Back in the RV again and off we went, miles up the road, to our next stop, Wickaninnish Beach, located on the Pacific Rim.  People from around the world come here to see the sheer power of Mother Nature in the winter, as the storm waves are extraordinarily huge.  Hard to believe, since right now the sea is so calm and so lovely! Driftwood lining the shore. Nothing like we’ve ever seen in southern California!!

Ultimately, we stopped in Tofino.  We abandoned our original plans and decided to stay here for the night.  We had amazing tapas and cocktails, created by Chef Ryan and served by Felix from Quebec.  Delicious and memorable.  Add these two to our list of favorite Canadians…they both made us feel very glad we stayed here for the night.  Honestly, these people are the friendliest people around!!

We started off our day wanting to go wherever God leads us and we end our day feeling so very thankful for the people and sights we experienced today!  Wow! Wow! Wow!  Over the moon with gratefulness!!

Tomorrow…on our way to Butchart Gardens…We’ve heard about this place for such a long time.  Can’t believe we get to behold the sights ourselves!

I am loving blogging!! Thank you for reading!!

Blogging is fun!
Blogging is fun!

Day 15: Vancouver Island’s Full of Surprises

Today is a big day!  We get to explore Vancouver Island, a place that the Champ has wanted to see ever since we went to Vancouver with our mom, sisters and brothers a few years ago.  First on the agenda, take the BC Ferry from Horseshoe Bay in West Vancouver to Nanaimo BC.  Now up to this point, if you said “ferry,” I would picture the boat that transports cars from Balboa Island to the Newport Peninsula.  Let me tell you…it was NOTHING like this.  Keep in mind that we are driving an RV, which, by itself, would never fit on the Balboa Ferry.  The ferry we rode on today was GI-NORMUS! Our RV, along with several 18-wheelers, numerous other boats/campers/trailers and many passenger cars, fit on the ferry.  My planner husband knew the particulars of taking the ferry way before we left, so we had our reservation paperwork in hand and knew to arrive an hour before our scheduled departure time of 8:30am… All this meant, of course, that we needed to leave our campground at zero dark hundred, ONCE AGAIN! (I’m seeing a trend here :/  Good thing I’m naturally an early-riser!)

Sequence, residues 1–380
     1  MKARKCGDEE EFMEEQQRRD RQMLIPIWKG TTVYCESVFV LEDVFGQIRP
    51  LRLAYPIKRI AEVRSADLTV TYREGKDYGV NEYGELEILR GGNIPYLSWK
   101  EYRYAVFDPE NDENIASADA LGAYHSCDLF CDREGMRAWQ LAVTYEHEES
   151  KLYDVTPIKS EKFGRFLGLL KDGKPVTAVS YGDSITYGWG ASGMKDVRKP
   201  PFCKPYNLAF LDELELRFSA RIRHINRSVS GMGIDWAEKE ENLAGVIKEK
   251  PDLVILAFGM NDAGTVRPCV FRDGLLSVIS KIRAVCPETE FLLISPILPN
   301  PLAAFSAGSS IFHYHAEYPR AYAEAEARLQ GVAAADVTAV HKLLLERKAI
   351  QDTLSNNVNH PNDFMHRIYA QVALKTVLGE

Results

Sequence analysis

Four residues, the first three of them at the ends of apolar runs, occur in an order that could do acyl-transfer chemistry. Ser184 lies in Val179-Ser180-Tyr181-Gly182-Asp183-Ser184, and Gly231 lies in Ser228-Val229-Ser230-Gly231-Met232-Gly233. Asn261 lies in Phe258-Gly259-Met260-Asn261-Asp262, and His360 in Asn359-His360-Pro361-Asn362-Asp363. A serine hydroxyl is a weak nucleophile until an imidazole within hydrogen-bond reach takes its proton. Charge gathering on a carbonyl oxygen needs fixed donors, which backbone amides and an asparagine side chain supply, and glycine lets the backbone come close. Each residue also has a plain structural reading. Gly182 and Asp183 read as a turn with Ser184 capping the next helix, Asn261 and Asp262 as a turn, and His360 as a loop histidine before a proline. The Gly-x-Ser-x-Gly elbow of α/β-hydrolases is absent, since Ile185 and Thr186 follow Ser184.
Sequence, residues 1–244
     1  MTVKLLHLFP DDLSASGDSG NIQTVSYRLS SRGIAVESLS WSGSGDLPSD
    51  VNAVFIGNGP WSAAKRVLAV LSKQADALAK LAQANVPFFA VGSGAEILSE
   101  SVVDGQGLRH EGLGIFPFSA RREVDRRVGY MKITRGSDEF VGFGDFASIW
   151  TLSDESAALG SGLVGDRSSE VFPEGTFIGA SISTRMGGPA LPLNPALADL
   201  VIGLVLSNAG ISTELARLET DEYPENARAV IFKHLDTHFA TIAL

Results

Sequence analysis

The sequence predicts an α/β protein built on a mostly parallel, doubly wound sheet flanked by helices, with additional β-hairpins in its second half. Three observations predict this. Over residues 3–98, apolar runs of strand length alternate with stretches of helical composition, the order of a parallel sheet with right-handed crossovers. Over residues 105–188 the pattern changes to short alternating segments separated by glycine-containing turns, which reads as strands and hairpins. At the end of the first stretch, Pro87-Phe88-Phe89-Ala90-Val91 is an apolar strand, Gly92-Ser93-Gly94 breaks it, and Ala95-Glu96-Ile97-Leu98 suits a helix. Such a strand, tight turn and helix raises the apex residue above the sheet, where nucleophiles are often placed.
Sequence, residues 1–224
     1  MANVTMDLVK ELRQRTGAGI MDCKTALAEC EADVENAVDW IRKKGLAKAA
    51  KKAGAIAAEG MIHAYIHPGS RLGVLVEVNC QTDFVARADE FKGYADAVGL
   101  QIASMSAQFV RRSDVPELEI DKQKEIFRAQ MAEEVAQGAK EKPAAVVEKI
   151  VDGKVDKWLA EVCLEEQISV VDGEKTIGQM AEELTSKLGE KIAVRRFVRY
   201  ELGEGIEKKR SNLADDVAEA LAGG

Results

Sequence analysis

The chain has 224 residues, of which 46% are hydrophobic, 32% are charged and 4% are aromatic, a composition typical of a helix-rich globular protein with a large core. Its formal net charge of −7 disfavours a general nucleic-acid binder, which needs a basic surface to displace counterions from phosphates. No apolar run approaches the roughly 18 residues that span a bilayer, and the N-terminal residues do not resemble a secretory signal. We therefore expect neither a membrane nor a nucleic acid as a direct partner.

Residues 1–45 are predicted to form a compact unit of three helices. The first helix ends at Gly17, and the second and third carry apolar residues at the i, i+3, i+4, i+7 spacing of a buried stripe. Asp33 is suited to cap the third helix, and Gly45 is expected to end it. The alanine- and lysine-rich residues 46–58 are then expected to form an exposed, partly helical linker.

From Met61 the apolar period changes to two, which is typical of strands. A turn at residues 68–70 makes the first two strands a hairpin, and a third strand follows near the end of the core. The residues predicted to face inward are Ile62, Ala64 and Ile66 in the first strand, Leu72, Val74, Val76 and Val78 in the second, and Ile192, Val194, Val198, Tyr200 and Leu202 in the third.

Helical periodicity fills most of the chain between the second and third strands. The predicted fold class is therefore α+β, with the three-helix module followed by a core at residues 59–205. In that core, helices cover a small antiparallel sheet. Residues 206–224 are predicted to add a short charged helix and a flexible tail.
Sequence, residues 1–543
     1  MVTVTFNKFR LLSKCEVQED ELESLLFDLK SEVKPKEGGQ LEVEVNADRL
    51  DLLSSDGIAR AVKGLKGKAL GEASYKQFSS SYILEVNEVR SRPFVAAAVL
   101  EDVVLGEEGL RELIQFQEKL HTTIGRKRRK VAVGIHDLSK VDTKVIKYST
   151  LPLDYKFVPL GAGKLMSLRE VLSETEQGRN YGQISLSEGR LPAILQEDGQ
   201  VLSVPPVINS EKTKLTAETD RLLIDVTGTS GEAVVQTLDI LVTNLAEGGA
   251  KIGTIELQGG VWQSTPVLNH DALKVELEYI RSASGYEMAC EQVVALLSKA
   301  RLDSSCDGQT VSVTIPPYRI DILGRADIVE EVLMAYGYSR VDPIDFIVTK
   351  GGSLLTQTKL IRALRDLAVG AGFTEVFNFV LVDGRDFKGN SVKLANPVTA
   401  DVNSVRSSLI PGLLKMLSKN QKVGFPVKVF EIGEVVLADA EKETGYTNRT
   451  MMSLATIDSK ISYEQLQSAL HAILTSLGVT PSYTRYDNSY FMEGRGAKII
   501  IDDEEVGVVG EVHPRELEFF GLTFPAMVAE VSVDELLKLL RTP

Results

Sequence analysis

Once we arrived in Nanaimo, we jumped on old Highway 19, the road that hugs the shoreline, and went in search of our first meal of the day.  We agreed upon the highly rated restaurant  Pacific Prime at the Beach Club Resort in Parksville, BC.  We were not disappointed!  The view from our table was breathtaking and the shrimp/scallop nectarine and beet salad I ordered was delicious.  The Champ and his sidekick enjoyed the bison burger and the fish tacos respectively.

Even better than the view and the food, was the engaging conversation we enjoyed with a few locals there. First on deck…Candice, our server.  This young gal was friendly, outgoing and bursting with personality, and when she learned we were from California, immediately resonated with us.  From Nainoma, this gal loves LA, has a passion for comedy and has big dreams in this arena.  We encouraged her to try out her stand-up routine on us, but in fairness, it was a bit too early in the day to deliver zingers.  Nevertheless, we exchanged information and offered up our place to stay on her next visit to California. Check her out on Twitter…Candice Hall@theCandiceHall!

Candice the aspiring comedienne. Sweet girl!
Candice, the aspiring comedienne. Sweet girl!